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Bath and Beyond

Tokyo's High-Tech Hotel Bathrooms
  • The Peninsula Tokyo

    Deluxe Suite, The Peninsula Tokyo

  • The Peninsula Tokyo

    The Peninsula Tokyo

  • Mandarin Oriental Tokyo

    Executive Suite, Mandarin Oriental

  • Mandarin Oriental Tokyo

    Presidential Suite, Mandarin Oriental

  • Hotel New Otani Tokyo

    Hotel New Otani Tokyo

  • Park Hyatt Tokyo

    Tokyo Suite, Park Hyatt

  • Park Hyatt Tokyo

    Diplomat Suite, Park Hyatt

  • Grand Hyatt Tokyo

    Grand Hyatt Tokyo

  • Grand Hyatt Tokyo

    Nagomi Spa, Grand Hyatt Tokyo

CHEAT SHEET
WHERE

On the southeastern side of Japan’s main island, Honshu, with the North Pacific just to the east and Korea about 600 miles to the west.

WHY GO

Of all the world’s metropolises, Tokyo just might be the biggest and the brightest. The dizzying colors of Shibuya make Times Square look downright quaint, and the roiling seas of humanity are a sight to behold. Beneath the glimmering surfaces are worlds upon worlds — in food, fashion, art, culture, and pretty much anything you can imagine, plus plenty you likely can’t.

HOW

From abroad, you’ll likely be flying into Narita, Tokyo’s major international airport, though Haneda International, in the city proper, generally makes for a quicker trip to your hotel. Inside Japan, there’s an outstanding rail network, whether traveling to the far reaches of the country or between points in Tokyo.

TABLET TIP

Make time to enjoy the more traditional, slow-paced pleasures that exist within the seemingly ultra-modern urban landscape; you’ll find Buddhist temples and Shinto shrines of all sizes tucked beneath sky-scraping office buildings. And whether exploring the new or the old, bring maps or load them onto your phone, as most streets don’t have names.

April, 2013

For the first-time visitor to a Tokyo hotel bathroom, the “washlet” control panel can be a bit intimidating: you’ve got control over various angles, pressures, temperatures, and other variables you’ve never given a thought to, all accompanied by obscure pictograms and a voice emanating from nowhere. And in this most hygienic of cities, a bath, too, quickly becomes a multimedia experience. A few tips, for when you can’t find the instruction manual:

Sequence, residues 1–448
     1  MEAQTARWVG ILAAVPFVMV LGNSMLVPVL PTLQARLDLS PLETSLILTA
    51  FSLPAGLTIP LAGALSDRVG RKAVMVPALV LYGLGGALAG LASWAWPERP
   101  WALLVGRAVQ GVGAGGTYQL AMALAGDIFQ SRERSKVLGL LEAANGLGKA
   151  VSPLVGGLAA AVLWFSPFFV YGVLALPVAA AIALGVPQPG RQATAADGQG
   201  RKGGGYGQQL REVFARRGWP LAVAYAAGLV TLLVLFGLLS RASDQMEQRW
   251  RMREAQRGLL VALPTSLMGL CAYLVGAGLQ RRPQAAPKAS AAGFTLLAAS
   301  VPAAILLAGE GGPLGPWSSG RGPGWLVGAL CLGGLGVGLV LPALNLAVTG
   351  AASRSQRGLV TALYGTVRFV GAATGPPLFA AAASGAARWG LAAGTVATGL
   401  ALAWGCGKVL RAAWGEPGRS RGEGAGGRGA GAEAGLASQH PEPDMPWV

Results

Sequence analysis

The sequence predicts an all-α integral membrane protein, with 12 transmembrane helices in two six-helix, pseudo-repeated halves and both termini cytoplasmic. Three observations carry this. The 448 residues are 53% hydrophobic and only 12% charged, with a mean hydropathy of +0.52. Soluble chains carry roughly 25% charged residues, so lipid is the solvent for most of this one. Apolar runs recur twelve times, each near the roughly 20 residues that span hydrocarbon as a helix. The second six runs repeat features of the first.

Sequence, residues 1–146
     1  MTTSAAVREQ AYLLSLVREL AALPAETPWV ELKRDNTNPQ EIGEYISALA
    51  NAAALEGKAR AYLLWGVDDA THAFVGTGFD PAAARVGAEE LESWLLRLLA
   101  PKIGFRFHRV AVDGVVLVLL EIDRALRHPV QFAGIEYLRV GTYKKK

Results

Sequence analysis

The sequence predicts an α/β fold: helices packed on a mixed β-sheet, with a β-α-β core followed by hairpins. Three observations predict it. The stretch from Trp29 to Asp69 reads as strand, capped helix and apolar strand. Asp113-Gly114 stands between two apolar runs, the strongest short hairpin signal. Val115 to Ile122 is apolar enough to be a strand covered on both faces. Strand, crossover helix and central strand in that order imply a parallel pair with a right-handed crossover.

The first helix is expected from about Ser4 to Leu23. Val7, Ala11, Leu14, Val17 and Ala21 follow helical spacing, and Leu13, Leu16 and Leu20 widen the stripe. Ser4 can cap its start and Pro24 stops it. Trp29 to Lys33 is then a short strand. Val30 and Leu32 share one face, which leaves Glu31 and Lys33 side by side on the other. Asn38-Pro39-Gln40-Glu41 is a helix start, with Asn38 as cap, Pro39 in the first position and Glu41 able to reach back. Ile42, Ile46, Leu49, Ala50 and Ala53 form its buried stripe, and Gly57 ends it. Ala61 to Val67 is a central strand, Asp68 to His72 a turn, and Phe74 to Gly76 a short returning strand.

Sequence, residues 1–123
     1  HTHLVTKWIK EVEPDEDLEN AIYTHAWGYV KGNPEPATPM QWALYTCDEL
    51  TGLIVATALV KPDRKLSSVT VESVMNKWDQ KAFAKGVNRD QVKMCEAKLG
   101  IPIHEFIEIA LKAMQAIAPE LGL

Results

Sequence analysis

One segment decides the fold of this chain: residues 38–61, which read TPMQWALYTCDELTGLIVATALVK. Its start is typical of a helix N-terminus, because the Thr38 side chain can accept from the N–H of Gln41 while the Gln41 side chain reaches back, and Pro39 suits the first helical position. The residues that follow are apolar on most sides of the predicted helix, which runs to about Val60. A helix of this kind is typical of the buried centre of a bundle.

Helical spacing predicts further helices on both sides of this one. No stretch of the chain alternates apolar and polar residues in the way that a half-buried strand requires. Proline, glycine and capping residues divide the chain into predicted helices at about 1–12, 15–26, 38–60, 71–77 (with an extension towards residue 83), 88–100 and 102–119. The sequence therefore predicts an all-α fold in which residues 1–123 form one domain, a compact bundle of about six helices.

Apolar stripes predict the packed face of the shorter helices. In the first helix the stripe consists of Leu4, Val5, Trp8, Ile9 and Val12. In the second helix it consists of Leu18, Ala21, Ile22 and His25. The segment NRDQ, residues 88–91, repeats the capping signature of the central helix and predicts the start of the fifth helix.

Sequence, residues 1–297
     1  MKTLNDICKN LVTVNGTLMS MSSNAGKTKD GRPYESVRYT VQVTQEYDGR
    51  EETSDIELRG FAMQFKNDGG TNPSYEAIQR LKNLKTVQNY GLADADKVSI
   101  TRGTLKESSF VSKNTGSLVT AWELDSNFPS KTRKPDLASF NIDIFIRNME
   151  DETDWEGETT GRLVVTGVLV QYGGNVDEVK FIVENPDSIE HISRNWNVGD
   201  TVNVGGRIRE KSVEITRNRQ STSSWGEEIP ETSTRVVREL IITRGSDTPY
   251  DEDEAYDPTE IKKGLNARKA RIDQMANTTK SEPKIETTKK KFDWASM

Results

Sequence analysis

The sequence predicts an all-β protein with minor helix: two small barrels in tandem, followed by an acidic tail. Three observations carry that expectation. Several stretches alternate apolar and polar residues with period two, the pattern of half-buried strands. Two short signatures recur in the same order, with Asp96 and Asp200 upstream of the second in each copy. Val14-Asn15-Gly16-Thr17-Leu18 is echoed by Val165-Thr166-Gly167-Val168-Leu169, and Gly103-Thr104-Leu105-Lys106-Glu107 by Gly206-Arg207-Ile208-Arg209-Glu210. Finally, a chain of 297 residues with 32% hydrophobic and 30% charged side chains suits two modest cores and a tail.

The Peninsula Tokyo
With a research-and-development unit employing some twenty engineers, the Peninsula group has long since left the simple cedar tub behind. At The Peninsula Tokyo, in the Marunouchi district, the bathrooms are boxes made from marble, glass and granite, designed for customization freaks: mood lighting, spa music, privacy settings, anti-fogging technology, all for the sake of a high-tech ofuro tub or a washlet from TOTO, the leader in bathroom technology.

Park Hyatt Tokyo
A panoramic retreat for stressed salarymen, lost in the peaks of Shinjuku’s office towers, the Park Hyatt Tokyo offers sophisticated suites designed by John Morford, with immense bathrooms, deep soaking tubs beneath paintings by Yoshitaka Echizenya, double sinks and a profusion of bath salts and vials of Aesop products. Plasma screens are always in view, in case you’re in the mood for a more cinematic bath experience. Try Lost in Translation and see if the setting looks familiar.